PARAMUS, N.J.—The Armenian Missionary Association of America (AMAA) held the opening of its Evangelical Center on Baghramian Ave. in Yerevan on April 19. Numerous government officials, leaders of various churches and nonprofit organizations, and foreign ambassadors were present to share in the joy of this event. The festivities continued into the evening, when young musicians of the Armenian Evangelical Church amazed numerous guests with their heartfelt and professional performances.
Celebrating another “Together, We Can Build Miracles” campaign achievement, the grand opening of the Evangelical Center is a demonstration of the exemplary support from devoted donors. The AMAA continues to realize significant successes with this fundraising initiative.
“For many years we have been dreaming of coming to our historical Motherland, and only after our beloved Armenia gained independence in 1991 has our dream come true,” said Andrew Torigian, the executive director of the AMAA, which since the devastating 1988 earthquake, continues to help thousands of Armenian children and impoverished people through various charitable, social, educational, and medical programs. The Armenian Evangelical Church has existed for over 160 years, and the AMAA is over 90 years old.
Rev. Dr. Rene Leonian, the president of the Evangelical Church of Armenia and a representative of Hope for Armenia and the AMAA in Armenia, said: “Our aim is, together with various institutions acting in Armenia today, to support in the best possible way the upbringing in Armenia of new, worthy generations, full of hope, and the creation of conditions for all of us to be good citizens of our Motherland, to live in freedom, realizing the happiness—in spite of all our hardships—of being an Armenian.” Rev. Leonian thanked the Armenian government especially for their support of the AMAA’s many programs.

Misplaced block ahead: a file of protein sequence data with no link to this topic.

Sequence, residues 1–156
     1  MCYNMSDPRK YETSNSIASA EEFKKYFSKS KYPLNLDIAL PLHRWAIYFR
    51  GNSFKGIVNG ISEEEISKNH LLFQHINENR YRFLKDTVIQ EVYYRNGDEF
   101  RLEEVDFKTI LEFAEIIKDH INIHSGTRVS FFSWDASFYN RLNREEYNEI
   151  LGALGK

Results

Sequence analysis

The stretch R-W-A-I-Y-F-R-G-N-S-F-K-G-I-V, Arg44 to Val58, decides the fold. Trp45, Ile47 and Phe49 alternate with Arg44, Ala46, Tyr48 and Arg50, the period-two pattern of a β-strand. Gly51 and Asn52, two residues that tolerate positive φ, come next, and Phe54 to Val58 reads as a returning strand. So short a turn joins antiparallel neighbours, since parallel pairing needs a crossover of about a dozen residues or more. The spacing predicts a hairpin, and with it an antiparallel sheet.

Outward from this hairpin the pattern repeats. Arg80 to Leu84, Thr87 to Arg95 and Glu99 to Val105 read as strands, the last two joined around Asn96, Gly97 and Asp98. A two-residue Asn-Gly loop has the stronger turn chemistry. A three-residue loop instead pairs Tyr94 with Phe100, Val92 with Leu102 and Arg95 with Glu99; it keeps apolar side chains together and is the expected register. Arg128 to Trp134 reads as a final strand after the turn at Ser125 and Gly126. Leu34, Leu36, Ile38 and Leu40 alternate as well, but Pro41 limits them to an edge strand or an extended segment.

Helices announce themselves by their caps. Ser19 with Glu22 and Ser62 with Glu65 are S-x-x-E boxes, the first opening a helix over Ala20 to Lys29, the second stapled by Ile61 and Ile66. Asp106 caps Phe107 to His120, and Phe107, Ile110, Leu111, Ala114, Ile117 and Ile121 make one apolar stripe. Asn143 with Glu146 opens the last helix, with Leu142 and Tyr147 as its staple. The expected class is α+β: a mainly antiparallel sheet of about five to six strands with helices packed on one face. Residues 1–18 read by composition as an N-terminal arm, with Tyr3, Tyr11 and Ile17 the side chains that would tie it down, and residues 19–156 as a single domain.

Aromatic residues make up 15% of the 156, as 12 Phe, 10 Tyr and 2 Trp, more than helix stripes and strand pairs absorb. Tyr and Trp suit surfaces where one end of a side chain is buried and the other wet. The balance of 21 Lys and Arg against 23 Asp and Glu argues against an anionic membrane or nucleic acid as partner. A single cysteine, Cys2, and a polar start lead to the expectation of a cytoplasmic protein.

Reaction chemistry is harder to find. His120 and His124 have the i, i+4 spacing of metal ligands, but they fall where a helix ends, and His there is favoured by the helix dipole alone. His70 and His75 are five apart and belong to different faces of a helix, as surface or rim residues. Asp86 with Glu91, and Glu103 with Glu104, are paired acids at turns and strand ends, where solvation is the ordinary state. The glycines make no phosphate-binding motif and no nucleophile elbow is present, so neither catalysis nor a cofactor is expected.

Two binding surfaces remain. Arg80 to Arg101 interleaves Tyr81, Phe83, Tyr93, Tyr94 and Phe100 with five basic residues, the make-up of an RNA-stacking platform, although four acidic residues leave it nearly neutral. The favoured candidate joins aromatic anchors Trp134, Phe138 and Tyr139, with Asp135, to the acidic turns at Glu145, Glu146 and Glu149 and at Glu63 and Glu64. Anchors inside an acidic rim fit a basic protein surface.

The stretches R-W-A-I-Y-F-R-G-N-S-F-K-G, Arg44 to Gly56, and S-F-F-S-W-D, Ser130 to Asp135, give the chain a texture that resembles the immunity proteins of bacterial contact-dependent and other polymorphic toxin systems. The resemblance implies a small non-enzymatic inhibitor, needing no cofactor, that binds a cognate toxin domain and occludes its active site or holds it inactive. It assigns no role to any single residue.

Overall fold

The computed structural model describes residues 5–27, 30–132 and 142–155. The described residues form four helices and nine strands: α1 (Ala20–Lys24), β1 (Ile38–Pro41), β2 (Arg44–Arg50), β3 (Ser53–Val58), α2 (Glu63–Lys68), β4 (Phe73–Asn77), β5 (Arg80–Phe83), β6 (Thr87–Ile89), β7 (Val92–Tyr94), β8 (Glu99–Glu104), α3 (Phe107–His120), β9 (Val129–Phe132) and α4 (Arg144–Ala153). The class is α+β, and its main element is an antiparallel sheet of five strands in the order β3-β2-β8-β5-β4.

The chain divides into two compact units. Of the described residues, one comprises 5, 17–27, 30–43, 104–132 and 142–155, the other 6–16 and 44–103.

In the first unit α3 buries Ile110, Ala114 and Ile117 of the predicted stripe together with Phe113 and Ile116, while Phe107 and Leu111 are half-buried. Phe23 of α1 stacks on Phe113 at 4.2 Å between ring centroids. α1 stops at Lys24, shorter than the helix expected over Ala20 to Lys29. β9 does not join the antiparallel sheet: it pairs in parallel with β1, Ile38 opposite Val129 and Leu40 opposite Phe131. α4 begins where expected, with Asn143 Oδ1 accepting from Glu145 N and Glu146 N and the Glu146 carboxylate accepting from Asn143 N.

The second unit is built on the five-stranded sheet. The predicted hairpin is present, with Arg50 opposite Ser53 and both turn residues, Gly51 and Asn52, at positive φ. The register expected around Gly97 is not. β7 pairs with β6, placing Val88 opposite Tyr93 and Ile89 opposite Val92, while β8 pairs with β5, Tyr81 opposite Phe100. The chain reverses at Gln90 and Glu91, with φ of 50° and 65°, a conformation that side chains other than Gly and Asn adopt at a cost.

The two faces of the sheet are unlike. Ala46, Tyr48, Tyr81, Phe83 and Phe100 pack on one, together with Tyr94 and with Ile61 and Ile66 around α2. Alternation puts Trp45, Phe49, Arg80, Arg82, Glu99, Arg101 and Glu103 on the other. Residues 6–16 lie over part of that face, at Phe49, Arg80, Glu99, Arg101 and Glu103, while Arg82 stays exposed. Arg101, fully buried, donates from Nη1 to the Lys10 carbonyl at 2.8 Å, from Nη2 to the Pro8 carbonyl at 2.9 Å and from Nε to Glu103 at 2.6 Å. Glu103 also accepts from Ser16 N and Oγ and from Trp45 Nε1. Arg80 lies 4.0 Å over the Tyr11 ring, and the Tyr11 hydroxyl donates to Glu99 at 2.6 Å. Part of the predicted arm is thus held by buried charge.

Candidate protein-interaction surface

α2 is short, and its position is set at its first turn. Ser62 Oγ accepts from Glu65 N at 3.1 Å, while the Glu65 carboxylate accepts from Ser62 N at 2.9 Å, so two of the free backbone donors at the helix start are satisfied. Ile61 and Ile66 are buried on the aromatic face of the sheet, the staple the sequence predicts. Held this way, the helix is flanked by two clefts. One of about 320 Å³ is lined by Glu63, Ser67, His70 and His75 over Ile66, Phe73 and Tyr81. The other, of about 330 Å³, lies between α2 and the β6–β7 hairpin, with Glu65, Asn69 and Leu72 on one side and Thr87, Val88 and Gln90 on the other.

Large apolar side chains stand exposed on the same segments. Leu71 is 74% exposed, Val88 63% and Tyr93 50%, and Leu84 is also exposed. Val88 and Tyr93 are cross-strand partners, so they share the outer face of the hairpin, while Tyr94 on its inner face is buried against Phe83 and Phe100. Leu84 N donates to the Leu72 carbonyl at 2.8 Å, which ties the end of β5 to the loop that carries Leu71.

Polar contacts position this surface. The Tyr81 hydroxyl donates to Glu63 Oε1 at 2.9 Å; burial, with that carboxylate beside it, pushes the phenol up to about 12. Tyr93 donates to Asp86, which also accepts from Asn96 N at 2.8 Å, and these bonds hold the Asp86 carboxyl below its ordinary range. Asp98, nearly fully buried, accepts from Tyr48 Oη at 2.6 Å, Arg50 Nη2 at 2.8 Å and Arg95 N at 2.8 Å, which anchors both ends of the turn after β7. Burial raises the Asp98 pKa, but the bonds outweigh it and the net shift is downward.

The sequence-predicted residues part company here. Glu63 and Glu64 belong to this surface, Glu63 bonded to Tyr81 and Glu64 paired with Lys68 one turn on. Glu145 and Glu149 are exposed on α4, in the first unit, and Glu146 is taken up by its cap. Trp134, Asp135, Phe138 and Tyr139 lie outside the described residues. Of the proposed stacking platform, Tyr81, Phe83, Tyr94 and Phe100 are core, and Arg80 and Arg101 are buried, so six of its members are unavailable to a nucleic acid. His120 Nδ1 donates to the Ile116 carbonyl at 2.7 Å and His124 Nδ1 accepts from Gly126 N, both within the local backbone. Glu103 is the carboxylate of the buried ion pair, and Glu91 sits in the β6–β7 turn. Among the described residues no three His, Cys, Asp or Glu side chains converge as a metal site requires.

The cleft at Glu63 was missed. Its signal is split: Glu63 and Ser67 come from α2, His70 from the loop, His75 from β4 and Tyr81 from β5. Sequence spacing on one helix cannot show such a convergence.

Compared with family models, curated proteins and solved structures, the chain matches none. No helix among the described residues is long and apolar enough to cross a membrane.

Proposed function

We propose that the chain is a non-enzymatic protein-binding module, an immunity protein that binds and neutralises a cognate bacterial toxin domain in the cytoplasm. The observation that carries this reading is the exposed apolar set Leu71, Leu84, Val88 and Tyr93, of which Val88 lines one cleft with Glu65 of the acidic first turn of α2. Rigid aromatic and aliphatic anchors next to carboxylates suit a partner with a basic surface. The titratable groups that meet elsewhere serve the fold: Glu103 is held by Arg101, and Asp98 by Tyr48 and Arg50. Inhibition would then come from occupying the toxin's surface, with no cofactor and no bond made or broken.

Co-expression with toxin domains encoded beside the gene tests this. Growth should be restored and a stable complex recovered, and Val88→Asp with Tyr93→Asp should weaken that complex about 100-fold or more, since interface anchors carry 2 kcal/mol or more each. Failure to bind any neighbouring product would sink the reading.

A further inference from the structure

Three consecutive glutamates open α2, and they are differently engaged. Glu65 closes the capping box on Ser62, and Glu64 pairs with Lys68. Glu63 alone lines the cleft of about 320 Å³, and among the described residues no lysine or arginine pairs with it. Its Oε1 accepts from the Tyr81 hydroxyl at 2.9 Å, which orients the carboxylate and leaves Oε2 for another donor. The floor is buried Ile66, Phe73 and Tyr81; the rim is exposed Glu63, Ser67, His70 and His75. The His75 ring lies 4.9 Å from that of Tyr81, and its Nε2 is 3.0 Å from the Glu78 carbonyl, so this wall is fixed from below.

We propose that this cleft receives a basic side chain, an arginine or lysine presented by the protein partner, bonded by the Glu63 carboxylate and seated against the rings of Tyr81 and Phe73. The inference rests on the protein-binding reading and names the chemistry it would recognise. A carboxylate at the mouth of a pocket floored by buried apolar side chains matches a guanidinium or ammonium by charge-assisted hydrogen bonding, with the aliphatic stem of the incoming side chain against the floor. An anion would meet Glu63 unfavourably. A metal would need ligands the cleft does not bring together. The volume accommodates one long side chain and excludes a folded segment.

“The opening of a place of worship in this particular building is quite remarkable,” said U.S. Ambassador to Armenia Marie L. Yovanovitch in her congratulatory speech. Yovanovitch reminded all present that the U.S. Embassy in Armenia was located in this building from 1992 to 2005. “The history of this building really reflects the positive development of Armenia itself, which in 18 short years has evolved from a Soviet republic to a newly independent state that today is working to consolidate the fruits of democracy and economic development. This building will always occupy a special place in the view of the U.S. government because, while the American people and the Armenian people have had a long relationship with each other, it’s here that the USA and Armenia started their diplomatic relations that continue to evolve and strengthen. As you know, one of the key democratic principles the United States espouses, and which the U.S. government promotes around the world, is freedom of religion. As the birthplace of Christianity, Armenia occupies a special place in the history of world religions. It’s also known as a nation of tolerance that respects the faith of other peoples, and we hope the Armenian government continues to do its utmost to promote Armenia as a place of tolerance and respect towards other peoples’ cultures, beliefs, and faiths.”
Yovanovitch expressed her hope that the center “will do its own work to strengthen the dialogue, mutual understanding, and respect between all the faiths that today peacefully coexist in Armenia.”
The renovation to the 60-year-old buildings in the complex began in June 2006 and continues at a rapid pace, thanks to the efforts of prominent local and American Armenian specialists including Gagik Galstyan, president of the Union of Builders of Armenia and of the Horizon-95 construction company; Hrach Sargsyan, president of the MKO OJS air-conditioning firm; Antranig M. Ouzoonian, the chief structural engineer; Norayr Avagyan, a member of Union of Architects of Armenia; and Armand P. Avakian, the chief architect of the AMAA and construction projects manager. All were awarded special plaques by Torigian on behalf of the AMAA.